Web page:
According to Dictionary.com: “In 2014, the Ebola virus, widespread theft of personal information, and shocking acts of violence and brutality dominated the news. Vulnerability and visibility were at the core of the year’s most notable headlines. Encapsulating those themes, Dictionary.com’s Word of the Year for 2014 is exposure.”

Click here for the infographic.

Scaling_up             Leaders_Eat_Last

Here are Library Journal’s picks for best business books of the year 2014, as chosen by reviewers and columnists. Library Journal is an important publication used by professionals to evaluate titles for their libraries.

Creativity, Inc.: Overcoming the Unseen Forces That Stand in the Way of True Inspiration, by Ed Catmull 

Flash Boys: A Wall Street Revolt, by Michael Lewis 

Capital in the Twenty-First Century, by Thomas Piketty 

Scaling Up Excellence: Getting To More Without Settling for Less, by Robert I. Sutton & Huggy Rao 

Leaders Eat Last: Why Some Teams Pull Together and Others Don’t, by Simon Sinek  

TheCircle              Capital_Amazon

PwC Strategy& (formerly Booz & Company), through its publication, strategy + business, has made available its annual review of the year’s best business books. The “Top Shelf” winners for each of the seven categories are as follows:

Strategy
Accelerate: Building Strategic Agility for a Faster-Moving World, by John P. Kotter
(Harvard Business Review Press, 2014)

Marketing
Tilt: Shifting Your Strategy from Products to Customers, by Niraj Dawar
(Harvard Business Review Press, 2013)

Executive Self-Improvement
Left Brain, Right Stuff: How Leaders Make Winning Decisions, by Phil Rosenzweig
(PublicAffairs, 2014)

Organizational Culture
The Circle, by Dave Eggers
(Knopf, 2013)

Innovation
Social Physics: How Good Ideas Spread—The Lessons from a New Science, by Alex Pentland
(Penguin Press, 2014)

Sustainability
The Big Pivot: Radically Practical Strategies for a Hotter, Scarcer, and More Open World, by Andrew S. Winston
(Harvard Business Review Press, 2014)

Economics
Capital in the 21st Century, by Thomas Piketty, translated by Arthur Goldhammer
(Belknap Press, 2014)

CIO.com’s James A. Martin reviews GetAbstract, an app that provides brief summaries of business books. GetAbstract’s website “provides downloadable summaries of more than 10,000 business books, TED Talks and other content, organized in 12 categories and with 50 new summaries added each month….You can download the apps for iOS, Android, Windows Phone, andBlackBerry devices. They are free, and you can use them to download up to six free summaries as part of a trial. After that, you need a subscription, which range from $89 a year to $999 a year.”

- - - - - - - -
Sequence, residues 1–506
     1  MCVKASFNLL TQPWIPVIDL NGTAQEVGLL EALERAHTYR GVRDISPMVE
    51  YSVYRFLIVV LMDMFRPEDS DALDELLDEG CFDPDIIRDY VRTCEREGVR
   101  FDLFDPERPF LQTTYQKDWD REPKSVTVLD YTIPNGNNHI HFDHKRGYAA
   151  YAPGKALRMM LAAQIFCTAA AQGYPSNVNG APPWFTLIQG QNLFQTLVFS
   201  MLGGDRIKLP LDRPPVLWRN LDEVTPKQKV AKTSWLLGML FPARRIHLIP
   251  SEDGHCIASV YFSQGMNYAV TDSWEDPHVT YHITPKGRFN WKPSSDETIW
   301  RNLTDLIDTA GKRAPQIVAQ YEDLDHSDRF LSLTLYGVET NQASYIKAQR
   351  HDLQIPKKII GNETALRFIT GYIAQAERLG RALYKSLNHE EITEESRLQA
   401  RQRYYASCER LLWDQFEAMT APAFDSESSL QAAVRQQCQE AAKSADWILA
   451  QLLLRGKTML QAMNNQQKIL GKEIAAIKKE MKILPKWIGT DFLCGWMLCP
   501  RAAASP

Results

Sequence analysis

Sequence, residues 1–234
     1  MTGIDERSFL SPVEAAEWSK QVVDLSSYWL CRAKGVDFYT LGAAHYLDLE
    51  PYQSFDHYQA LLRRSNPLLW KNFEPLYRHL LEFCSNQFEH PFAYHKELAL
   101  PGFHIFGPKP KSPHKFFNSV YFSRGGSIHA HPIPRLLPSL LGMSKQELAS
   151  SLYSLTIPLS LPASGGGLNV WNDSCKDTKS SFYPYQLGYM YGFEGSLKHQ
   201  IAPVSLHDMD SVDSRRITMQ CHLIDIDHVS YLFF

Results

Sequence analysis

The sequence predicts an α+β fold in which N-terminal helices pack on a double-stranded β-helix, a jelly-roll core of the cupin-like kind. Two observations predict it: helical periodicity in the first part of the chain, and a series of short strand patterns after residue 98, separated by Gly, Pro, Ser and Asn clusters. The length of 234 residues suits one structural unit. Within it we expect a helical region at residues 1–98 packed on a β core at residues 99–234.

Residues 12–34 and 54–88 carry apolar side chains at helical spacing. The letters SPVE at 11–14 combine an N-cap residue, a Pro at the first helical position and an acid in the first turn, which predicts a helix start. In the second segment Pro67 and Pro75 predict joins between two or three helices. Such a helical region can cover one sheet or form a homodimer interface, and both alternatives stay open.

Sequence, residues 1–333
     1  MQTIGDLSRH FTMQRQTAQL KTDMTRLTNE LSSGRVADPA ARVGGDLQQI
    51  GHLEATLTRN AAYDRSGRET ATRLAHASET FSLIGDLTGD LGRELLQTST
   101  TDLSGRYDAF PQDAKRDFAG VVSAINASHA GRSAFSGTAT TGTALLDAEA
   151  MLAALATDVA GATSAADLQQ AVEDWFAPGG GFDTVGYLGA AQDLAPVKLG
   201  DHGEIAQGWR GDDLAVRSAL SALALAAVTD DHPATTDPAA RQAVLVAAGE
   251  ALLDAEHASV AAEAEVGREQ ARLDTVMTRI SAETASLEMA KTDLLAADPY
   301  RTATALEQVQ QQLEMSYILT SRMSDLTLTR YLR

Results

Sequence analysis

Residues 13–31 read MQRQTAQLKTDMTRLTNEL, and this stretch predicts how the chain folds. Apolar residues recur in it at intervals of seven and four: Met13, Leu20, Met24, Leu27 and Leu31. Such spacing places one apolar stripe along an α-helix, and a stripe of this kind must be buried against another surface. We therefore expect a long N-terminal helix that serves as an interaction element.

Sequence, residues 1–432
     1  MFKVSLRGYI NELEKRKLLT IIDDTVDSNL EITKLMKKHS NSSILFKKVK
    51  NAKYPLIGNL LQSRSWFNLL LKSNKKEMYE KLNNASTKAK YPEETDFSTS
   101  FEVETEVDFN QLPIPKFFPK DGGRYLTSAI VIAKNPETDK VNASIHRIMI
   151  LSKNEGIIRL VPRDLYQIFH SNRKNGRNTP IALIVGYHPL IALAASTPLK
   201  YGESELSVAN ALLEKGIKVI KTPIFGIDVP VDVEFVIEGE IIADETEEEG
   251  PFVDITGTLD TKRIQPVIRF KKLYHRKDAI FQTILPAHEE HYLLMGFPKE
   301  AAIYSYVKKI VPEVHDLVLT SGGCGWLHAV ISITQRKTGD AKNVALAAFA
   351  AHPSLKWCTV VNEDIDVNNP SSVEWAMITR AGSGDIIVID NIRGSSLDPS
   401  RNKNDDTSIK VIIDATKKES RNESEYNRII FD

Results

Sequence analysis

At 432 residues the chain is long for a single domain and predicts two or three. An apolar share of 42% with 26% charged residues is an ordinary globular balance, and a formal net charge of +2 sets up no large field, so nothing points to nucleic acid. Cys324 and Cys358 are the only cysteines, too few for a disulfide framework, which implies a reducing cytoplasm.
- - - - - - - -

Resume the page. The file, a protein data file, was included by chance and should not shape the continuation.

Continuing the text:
Mr. Martin’s only complaint is that many current best sellers are not offered.

Founded by longtime research analysts Laura Young and Michael Hill, Bizologie is an independent research consultancy serving venture capital firms, private equity firms, start-ups and established companies. On their website, they provide listings of free business research resources. They state, “One of our goals at Bizologie is to help you keep up with free resources for business research. Here are a few of our favorite sites, tools and tactics for doing business research on a shoestring budget.” The resource categories are: Favorite Tactics; Favorite Tools, such as Prezi, Aviary, and Bliss Control; Finance; General Business; International Statistics; Marketing, Advertisers, and Shoppers; Oil & Gas; Private Companies-Domestic; Private Companies-International; and Statistics & Government Data. There are also great blog posts including “How To Find a SWOT Analysis,” and “Using Investor Presentations for Energy and Gas.”

Open Culture posted this infographic on what causes the smell of old and new books from a chemistry perspective. The infographic is created by Andy Brunning, a chemistry teacher in the UK and posted, with a written explanation, on his excellent website, Compound Interest. Click on the image for a larger view.

Infographic courtesy of Open Culture and Compound Interest

Infographic courtesy of Open Culture and Compound Interest

Sam McNerney (250 Words) provides the list of nonfiction nominees for the National Book Award, which is given by The National Book Foundation. He notes that “there are only a few books on the list that would qualify as ‘business books’ but published the list for readers who ‘are intelligent business thinkers who are interested in smart non-fiction books in general.’” Here is the list:

Can’t We Talk About Something More Pleasant? A Memoir, by Roz Chast

The Heathen School: A Story of Hope and Betrayal in the Age of the Early Republic, by John Demos

No Good Men Among the Living: America, the Taliban, and the War Through Afghan Eyes, by Anand Gopal

The Mantle of Command: FDR at War, 1941-1942, by Nigel Hamilton

The Innovators: How a Group of Inventors, Hackers, Geniuses, and Geeks Created the Digital Revolution, by Walter Isaacson

Tennessee Williams: Mad Pilgrimage of the Flesh, by John Lahr

Age of Ambition: Chasing Fortune, Truth, and Faith in the New China, by Evan Osnos

When Paris Went Dark: The City of Light Under German Occupation, 1940-1944, by Ronald C. Rosbottom

Nature’s God: The Heretical Origins of the American Republic, by Matthew Stewart

The Meaning of Human Existence, by Edward O. Wilson

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